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Saturday, July 27, 2013

The Bible Gets an Upgrade

On a recent Sunday morning, the pews of the Fellowship Missionary Baptist Church in Chicago were aglow with smartphones and tablets at the 10:45 a.m. service. Nathan Weber for The New York Times On a recent Sunday morning, the pews of the Fellowship Missionary Baptist Church in Chicago were aglow with smartphones and tablets at the 10:45 a.m. service.

Is it possible to improve on the word of God?

Most believers would say no, but what about improving on its user experience?

After all, the text of the Bible has been shared through scrolls, codexes and movable type. Now, the Bible is also a mobile app that has logged 60 billion minutes of reading time and has won a dedicated following. It has also changed the reading habits of the faithful around the world, as described in my article, “App Puts the Bible in 100 Million Palms.”

The success of that app, YouVersion, is due, in part, to how it has created an improved reading experience for Christians by incorporating tools for sharing and reading plans that divvy up the Bible on various themes (with gentle reminders to keep reading), as well as offering audio versions and even video clips to make the Bible a more modern experience.

More than 10 million reading plans have been completed since the app was introduced in 2008. The church team behind YouVersion sees a spike in activity on its servers every January, when thousands of Christians make New Year’s resolutions to read the Bible every day.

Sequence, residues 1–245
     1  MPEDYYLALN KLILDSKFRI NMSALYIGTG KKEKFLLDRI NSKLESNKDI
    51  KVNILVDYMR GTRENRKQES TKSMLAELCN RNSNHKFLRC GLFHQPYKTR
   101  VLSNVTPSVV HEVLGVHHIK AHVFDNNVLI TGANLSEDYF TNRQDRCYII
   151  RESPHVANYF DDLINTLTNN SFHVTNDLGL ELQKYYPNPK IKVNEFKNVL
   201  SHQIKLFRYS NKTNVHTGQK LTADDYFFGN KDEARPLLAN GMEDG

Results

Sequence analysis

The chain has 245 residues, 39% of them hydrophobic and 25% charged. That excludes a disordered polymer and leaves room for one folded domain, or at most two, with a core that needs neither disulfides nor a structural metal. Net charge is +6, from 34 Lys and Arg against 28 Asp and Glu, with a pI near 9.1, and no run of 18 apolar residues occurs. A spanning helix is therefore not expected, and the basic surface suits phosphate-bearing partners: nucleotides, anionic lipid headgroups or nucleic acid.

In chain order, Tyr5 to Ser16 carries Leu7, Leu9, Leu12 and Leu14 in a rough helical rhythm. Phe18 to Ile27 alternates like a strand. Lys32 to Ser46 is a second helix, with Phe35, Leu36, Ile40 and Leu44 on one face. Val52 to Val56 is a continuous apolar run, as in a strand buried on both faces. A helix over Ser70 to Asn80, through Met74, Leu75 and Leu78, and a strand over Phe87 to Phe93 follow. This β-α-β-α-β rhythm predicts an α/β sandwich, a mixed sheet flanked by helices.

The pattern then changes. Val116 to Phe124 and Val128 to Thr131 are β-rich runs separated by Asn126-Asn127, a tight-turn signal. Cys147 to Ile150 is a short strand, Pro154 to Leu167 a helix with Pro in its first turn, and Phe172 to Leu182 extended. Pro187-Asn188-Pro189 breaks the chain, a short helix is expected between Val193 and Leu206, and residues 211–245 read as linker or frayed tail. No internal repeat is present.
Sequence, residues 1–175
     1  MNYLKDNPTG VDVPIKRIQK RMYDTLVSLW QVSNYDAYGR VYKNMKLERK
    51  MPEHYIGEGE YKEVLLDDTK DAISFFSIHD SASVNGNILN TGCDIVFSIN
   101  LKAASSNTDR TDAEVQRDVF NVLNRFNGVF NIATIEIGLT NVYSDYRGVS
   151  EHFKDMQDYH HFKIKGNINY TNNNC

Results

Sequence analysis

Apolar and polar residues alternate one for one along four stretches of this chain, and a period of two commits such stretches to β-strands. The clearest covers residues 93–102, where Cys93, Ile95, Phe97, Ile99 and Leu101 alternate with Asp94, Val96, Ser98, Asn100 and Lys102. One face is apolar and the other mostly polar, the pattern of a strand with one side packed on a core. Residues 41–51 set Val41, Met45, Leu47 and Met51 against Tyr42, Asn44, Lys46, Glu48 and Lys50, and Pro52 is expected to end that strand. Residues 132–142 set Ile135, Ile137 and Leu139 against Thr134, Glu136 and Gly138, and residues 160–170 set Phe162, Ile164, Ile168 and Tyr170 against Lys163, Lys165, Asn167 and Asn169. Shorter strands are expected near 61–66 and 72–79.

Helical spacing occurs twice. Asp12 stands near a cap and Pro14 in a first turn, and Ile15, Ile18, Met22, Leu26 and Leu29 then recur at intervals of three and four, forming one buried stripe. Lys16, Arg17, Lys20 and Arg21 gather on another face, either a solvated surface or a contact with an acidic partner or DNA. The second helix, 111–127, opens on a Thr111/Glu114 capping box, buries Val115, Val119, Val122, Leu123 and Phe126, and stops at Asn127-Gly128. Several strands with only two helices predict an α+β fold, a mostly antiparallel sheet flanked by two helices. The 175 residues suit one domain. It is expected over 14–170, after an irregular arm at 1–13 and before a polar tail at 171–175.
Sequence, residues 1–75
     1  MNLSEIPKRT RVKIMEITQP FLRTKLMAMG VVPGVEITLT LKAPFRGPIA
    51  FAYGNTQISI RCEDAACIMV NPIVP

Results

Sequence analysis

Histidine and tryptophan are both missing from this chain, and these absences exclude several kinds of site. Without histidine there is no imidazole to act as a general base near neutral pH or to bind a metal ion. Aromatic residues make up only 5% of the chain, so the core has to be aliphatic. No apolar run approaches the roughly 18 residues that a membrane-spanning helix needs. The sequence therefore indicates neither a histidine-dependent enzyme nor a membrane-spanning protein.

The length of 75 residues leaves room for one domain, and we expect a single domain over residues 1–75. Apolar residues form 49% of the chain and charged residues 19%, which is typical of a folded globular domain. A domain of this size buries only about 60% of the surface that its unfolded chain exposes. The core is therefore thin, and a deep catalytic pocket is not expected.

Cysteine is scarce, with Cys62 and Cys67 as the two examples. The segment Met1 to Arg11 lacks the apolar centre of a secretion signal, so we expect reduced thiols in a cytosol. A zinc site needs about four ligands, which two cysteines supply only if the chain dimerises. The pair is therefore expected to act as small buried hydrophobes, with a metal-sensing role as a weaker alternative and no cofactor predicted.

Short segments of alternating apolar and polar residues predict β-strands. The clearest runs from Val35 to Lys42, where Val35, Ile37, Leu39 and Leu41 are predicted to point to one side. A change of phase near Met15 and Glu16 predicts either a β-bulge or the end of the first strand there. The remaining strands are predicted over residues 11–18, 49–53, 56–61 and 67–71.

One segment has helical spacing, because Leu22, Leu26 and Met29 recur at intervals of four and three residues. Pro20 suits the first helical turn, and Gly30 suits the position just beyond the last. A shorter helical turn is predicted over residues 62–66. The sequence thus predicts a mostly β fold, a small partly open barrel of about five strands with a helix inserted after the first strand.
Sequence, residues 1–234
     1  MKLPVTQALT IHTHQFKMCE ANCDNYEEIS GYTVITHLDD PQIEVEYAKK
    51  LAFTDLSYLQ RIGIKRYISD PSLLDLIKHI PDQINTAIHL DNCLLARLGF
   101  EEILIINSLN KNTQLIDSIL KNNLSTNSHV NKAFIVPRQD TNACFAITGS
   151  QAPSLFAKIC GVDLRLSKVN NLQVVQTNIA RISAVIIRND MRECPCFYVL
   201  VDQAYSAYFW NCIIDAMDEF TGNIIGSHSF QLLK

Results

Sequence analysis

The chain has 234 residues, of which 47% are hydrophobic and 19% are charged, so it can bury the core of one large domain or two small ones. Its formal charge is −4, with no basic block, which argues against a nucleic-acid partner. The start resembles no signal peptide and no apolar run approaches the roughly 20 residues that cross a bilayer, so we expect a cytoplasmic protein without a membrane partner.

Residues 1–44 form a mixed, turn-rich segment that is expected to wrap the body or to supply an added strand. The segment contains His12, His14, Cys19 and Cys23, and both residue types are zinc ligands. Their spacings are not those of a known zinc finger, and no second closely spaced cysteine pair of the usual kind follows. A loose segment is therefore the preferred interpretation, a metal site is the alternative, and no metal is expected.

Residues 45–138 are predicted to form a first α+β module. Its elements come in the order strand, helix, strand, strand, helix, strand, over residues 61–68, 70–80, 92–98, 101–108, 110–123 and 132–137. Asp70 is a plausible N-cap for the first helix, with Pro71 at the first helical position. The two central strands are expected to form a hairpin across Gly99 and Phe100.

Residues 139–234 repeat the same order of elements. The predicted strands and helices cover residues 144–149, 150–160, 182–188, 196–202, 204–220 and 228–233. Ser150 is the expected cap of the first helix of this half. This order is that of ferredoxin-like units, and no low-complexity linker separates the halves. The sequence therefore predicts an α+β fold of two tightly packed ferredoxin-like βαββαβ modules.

Some users, like Ali Supina, a youth pastor in Lake Ann, Mich., no longer even bother with printed Bibles.

Like many people who use the app, the Sears family of Oklahoma City has YouVersion installed four times. Jen Sears, a human resources manager, carries her smartphone with her on her lunch break and listens to the Bible in audio while she eats. She and her husband, Dave, both use daily reading plans that remind them to catch up and offer easy ways to post their progress to social media sites.

Their four-year-old son, Austin, has been confused at times when his mother picks up her phone when she wants to pray. She said, “I told him I was going to go talk to God, and his eyes got really big and he said, ‘you have God on your phone?’” Mrs. Sears then showed him how the app worked. She takes it with her whenever she wants to pray.

YouVersion users also say the app’s simple search function has erased the embarrassment of flipping through Philippians when the pastor asks you to find Ephesians. Now, no one can tell if the person using YouVersion is lost in the book that is central to their lives.

The Bible app’s ubiquity, however, has created new suspicions at church. Now during a sermon, people wonder if the glowing phone in the next pew is for scriptural reference or text messaging.

“I don’t read my bible on my iPhone in church, because I will visit Twitter while I’m waiting,” Jon Acuff, a Christian speaker and author, said in an interview last year. “I don’t have the self discipline to have a Bible app open.”

In this parody music video, Josiah Jones, a Christian performer, sings about the same dilemma: “I get all sorts of glances when I’m digging in the word, is he looking at his Bible, or playing Angry Birds?”

But perhaps the other reason for YouVersion’s success is that while there are hundreds of Bible-related apps available for download, few have the kind of technical foundation and elegant user experience that YouVersion displays.

In general, experts agree that the market for technical products aimed at traditionally religious people has been underserved by developers and software designers. Beki Gitner, a professor of human computer interaction at Georgia Tech, who has studied how people use technology for spiritual purposes, said about YouVersion, “the sheer number of downloads is a good reminder to all of us that if we think about technology as purely a secular tool, we are missing out on how it’s being used by people all over the world.”

After all, an app affiliated with God may provide the ultimate kind of “brand loyalty.”